Join Catherine Ingrassia for a fascinating discussion of her latest book, “Domestic Captivity and the British Subject, 1660–1750.” Indentured servitude was common in colonial America. When voluntary, it allegedly offered dispossessed British subjects the opportunity to improve their situation after their term. However, the practice of kidnapping or “spiriting away” people into involuntary indentured servitude occurred with great regularly. This talk discusses two fictional representations of the case of James Annesley (1715–1760). The heir to an Irish barony, Annesley's uncle had him secretly kidnapped as a child and sold as an indentured servant in Virginia where he labored for fourteen years. When Annesley finally returned to England, he was the subject of more than sixty publications in London all of which emphasized his role as an “indentured slave.” These British narratives about colonial America give voice to persistent anxieties about the potential captivity of British subjects on colonial soil. More forcefully, they also reveal a concern about the potential erosion of male British identity within a corrosive climate where ignorant Americans masters hold them captive. The narratives strategically represent the American masters as particularly brutal to compensative for the vast British financial interests in the West Indies, the site of notoriously horrific conditions for enslaved people. In addition to discussing Annesley's captivity, the talk will also consider other states of domestic captivity common within England and elaborate upon the especially threatening conditions for women held captive within a colonial, domestic space. Catherine E. Ingrassia is Professor and Chair in the Department of English at Virginia Commonwealth University. In addition to her most recent book Domestic Captivity and the British Subject, 1660–1750, she is the author or editor of six other books including Authorship, Commerce and Gender in Eighteenth-Century England: A Culture of Paper Credit and the Cambridge Companion to Eighteenth-Century Women Writers. The content and opinions expressed in these presentations are solely those of the speaker and not necessarily of the Virginia Museum of History & Culture.
Was the American Revolution really a revolution? Was George Washington a great general? Was the American victory a miracle or inevitable? Dr. Joseph Ellis will explore these questions and more in his lecture on "The Cause," complicating conventional narratives to present a richly nuanced vision of this foundational moment in American history. A landmark work of narrative history, "The Cause" challenges the story we have long told ourselves about our origins as a people, and as a nation. Joseph Ellis is one of the nation's leading scholars of American history. A professor of history, he has taught in the Leadership Studies program at Williams College, the Commonwealth Honors College at the University of Massachusetts, Mount Holyoke College, and the United States Military Academy at West Point. Ellis's commentaries have been featured on CSPAN, CNN, and PBS's Lehrer News Hour, and he has appeared in several documentaries on early America. The author of twelve books, he was awarded the Pulitzer Prize for "Founding Brothers: The Revolutionary Generation" and won the National Book Award for "American Sphinx: The Character of Thomas Jefferson." Joseph Ellis's latest work is "The Cause: The American Revolution and its Discontents, 1773–1783." The content and opinions expressed in this presentation are solely those of the speaker and not necessarily of the Virginia Museum of History & Culture.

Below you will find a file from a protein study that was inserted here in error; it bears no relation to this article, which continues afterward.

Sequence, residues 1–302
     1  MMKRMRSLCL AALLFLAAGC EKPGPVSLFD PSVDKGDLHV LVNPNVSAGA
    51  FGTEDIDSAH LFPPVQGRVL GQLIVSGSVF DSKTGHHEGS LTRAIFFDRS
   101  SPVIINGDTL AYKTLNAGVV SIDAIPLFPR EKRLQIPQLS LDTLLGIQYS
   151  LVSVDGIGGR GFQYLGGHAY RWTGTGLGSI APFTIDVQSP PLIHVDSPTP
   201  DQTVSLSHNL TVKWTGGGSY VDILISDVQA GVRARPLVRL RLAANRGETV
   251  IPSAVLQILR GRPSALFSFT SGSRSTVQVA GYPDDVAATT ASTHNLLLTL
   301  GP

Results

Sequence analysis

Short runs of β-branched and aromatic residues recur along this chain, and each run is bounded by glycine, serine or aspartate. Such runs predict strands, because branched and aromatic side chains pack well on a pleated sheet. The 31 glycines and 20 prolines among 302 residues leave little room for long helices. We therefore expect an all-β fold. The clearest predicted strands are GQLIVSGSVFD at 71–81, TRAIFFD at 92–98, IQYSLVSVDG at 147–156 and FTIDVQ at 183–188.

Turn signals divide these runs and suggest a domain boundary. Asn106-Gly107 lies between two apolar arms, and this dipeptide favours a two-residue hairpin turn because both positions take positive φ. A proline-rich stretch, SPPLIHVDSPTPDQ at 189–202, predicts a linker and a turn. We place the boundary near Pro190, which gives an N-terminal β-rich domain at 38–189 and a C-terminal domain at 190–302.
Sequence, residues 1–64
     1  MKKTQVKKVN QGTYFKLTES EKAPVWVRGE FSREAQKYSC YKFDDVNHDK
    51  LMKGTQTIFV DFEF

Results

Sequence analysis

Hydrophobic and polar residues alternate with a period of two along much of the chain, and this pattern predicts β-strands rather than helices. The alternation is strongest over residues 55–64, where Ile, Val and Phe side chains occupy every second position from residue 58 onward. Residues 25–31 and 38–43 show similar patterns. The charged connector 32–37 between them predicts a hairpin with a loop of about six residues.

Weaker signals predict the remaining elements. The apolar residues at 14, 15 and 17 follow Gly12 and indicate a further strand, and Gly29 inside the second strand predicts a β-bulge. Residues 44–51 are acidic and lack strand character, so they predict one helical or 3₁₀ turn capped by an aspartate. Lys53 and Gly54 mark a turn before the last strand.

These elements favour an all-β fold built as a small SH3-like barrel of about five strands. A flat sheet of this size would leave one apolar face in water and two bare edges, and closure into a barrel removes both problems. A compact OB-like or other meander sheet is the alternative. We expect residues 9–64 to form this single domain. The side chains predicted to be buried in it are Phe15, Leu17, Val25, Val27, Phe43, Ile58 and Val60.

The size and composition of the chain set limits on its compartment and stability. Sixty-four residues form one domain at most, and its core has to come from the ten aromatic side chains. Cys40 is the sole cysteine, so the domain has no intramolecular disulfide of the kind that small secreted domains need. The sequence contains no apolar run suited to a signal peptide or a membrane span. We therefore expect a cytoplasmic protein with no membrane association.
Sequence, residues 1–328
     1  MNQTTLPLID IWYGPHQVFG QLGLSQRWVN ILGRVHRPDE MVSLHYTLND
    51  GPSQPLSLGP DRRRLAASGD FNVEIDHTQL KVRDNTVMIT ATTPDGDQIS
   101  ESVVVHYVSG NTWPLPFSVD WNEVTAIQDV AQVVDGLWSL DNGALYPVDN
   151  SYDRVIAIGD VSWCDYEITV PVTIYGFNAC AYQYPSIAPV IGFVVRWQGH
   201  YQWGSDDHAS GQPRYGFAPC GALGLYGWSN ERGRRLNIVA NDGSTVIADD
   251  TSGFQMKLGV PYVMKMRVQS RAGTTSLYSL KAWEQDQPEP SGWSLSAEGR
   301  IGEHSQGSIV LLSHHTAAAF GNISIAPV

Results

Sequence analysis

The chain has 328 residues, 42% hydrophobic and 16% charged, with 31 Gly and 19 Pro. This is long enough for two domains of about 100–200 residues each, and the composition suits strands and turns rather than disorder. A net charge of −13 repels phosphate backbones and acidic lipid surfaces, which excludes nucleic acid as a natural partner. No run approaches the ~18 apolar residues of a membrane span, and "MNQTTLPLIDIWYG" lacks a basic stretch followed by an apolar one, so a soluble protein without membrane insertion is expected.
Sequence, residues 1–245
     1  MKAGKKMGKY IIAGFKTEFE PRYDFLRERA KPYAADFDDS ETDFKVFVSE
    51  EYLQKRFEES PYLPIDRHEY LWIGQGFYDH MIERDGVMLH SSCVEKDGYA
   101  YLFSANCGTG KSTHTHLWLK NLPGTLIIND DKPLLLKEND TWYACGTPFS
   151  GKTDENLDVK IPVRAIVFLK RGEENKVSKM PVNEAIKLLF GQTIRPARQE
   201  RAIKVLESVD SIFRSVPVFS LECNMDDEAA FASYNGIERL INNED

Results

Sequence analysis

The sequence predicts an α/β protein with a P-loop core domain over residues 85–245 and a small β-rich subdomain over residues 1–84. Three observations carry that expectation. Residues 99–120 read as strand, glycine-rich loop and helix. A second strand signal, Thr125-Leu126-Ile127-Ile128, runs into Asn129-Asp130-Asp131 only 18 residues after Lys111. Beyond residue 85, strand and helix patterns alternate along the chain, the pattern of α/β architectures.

Join historian Daniel Thorp for a lecture about his latest book, In The True Blue's Wake: Slavery and Freedom among the Families of Smithfield Plantation. In 1759, William Preston purchased sixteen enslaved Africans brought to Maryland aboard the True Blue, an English slave ship. Over the next century, the Prestons enslaved more than 200 individuals and used their labor to establish and operate Smithfield, the family's Virginia seat, and the plantations into which it was later divided. In the True Blue's Wake tells the story of the men and women who were enslaved at Smithfield between its establishment in 1774 and the abolition of slavery there in 1865: who they were and how they and their families endured the experience of slavery. It then follows those families after their emancipation as they moved throughout the United States and explores how they and their descendants used their families' new freedom to advance in the world. Dr. Daniel B. Thorp is an associate professor of history at Virginia Tech. He is the author of several books, including Facing Freedom: An African American Community in Virginia from Reconstruction to Jim Crow; and In the True Blue's Wake: Slavery and Freedom among the Families of Smithfield Plantation. The content and opinions expressed in these presentations are solely those of the speaker and not necessarily of the Virginia Museum of History & Culture.